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Serious insight for serious situations.

Serious insight for serious situations.

Make it your policy to review your policy: Identifying policy issues that affect workplace investigation reports

In most of our workplace investigations, the organization that retains us asks us to measure our findings of fact against one or more of their policies. This means that, once we have made findings of fact, we must decide whether the respondent’s conduct has breached a policy or policies that the organization has asked us to apply.

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When is enough enough?! Salanguit v. Parq Vancouver tells us when a complaint has been reasonably handled

We often hear horror stories about workplace complaints being handled poorly — instances where employers don’t act, investigators miss the mark, and so on and so forth. I’ll now be the bearer of good news and share what the British Columbia Human Rights Tribunal (“Tribunal”) recently found to be reasonable handling of a complaint in Salanguit v. Parq Vancouver and another.

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Three tips for ensuring your investigation reports do not encourage employer missteps

Under Ontario’s human rights jurisprudence, when an employee raises a complaint of discrimination, the employer has a duty to address that complaint. The employer’s response to a complaint, including the investigation it undertakes, must meet a standard of “reasonableness.”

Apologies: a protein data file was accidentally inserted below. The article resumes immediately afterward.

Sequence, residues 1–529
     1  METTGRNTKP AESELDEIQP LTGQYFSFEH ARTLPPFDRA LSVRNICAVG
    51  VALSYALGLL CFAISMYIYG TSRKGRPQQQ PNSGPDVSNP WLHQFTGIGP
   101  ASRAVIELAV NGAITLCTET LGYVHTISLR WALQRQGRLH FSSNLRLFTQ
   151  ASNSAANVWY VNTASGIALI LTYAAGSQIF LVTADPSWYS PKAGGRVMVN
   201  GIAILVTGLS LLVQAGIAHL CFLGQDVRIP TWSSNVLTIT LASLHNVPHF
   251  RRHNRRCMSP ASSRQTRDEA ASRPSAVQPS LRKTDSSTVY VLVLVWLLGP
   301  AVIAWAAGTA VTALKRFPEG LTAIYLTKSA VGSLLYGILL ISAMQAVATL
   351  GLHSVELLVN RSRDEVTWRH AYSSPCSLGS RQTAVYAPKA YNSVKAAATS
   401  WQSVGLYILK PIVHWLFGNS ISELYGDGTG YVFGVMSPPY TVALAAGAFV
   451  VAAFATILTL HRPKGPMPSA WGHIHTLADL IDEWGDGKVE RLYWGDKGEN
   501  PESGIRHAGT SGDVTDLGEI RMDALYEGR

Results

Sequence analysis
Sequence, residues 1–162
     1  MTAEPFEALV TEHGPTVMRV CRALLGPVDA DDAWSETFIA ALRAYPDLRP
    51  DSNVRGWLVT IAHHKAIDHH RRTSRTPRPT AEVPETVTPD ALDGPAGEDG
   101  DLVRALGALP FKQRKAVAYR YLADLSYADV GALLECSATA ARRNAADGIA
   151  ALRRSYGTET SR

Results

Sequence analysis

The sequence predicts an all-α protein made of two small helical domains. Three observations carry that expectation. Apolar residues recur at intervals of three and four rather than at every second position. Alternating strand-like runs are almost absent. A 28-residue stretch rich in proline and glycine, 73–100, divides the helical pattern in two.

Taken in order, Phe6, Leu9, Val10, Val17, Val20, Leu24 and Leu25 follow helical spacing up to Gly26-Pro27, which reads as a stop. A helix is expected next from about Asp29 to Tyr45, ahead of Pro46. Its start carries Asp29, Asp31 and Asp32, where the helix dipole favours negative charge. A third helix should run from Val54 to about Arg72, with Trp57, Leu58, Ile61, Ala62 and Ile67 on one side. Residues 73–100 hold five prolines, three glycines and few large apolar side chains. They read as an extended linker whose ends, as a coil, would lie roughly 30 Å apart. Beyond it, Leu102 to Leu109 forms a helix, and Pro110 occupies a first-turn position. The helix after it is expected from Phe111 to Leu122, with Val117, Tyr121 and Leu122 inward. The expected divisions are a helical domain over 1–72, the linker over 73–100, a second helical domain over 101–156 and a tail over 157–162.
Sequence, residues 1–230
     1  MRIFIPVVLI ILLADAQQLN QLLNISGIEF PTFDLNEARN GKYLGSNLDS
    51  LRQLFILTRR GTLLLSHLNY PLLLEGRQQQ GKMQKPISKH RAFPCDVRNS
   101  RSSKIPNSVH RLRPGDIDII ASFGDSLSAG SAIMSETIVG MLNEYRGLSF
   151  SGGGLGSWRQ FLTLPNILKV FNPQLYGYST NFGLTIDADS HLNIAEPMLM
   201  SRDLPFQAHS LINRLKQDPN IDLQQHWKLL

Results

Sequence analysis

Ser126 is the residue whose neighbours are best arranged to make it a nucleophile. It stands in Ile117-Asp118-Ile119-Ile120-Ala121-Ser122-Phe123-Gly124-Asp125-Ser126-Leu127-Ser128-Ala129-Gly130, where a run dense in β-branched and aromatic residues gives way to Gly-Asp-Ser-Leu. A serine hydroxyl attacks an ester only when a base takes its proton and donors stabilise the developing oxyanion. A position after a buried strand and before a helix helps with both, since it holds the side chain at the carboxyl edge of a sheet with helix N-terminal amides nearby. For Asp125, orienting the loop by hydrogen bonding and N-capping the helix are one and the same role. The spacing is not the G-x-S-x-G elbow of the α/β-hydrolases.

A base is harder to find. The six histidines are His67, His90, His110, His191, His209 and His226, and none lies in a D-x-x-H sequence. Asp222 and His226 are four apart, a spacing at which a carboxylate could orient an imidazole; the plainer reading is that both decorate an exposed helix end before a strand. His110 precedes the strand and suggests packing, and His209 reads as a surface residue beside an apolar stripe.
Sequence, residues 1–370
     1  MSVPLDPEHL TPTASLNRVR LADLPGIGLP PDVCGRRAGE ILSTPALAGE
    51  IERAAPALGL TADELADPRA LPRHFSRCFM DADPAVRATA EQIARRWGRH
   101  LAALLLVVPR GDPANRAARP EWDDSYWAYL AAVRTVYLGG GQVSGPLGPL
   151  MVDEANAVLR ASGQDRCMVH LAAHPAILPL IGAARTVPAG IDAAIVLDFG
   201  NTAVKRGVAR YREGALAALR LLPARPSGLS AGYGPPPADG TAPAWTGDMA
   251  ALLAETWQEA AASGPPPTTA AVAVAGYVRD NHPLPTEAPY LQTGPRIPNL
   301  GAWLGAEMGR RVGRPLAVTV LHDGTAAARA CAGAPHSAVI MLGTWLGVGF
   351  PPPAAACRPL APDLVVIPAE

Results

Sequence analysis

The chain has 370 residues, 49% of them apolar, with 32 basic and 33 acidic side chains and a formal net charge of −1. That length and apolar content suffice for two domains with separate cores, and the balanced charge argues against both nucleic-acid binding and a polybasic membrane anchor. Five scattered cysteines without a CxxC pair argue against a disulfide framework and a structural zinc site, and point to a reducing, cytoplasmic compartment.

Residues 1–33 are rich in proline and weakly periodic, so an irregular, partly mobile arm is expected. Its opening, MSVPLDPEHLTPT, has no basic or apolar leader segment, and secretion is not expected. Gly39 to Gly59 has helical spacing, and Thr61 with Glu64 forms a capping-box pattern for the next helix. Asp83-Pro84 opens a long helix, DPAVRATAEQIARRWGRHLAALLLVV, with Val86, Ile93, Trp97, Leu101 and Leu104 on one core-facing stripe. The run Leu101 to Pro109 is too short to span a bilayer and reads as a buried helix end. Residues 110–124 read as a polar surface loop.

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Jocks and locker room talk? Lessons for workplace investigators from research on student athletes and sexualized violence

Over the past several years, high profile allegations, investigations, and findings of sexualized violence in sports have garnered significant media attention, both within Canada and around the world. As a workplace investigator who focuses on investigations and assessments in the education sector, these incidents have gotten me thinking about the intersection between secondary and post-secondary institutions, athletes, and misconduct.

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Data and Investigation Series: How can organizations collect investigation data?

This is the second in a series of blog posts that I will be writing on data and investigations.
To recap, workplace investigations are also an invaluable source of data that organizations can use in a variety of ways – outside of the investigation process – to help their workplaces get into the zone – the optimal workplace that is characterized by respect, civility, tolerance, inclusivity, and no, or few, employment-related legal problems.

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Assessing credibility: avoiding common pitfalls in workplace investigation reports

Writing about credibility is one of the most challenging aspects of workplace investigation reports. As someone who reviews a lot of reports, I find that investigators usually have a good sense of who is credible and who is not, but they can struggle to write about how they assessed credibility. This is especially true of newer investigators.

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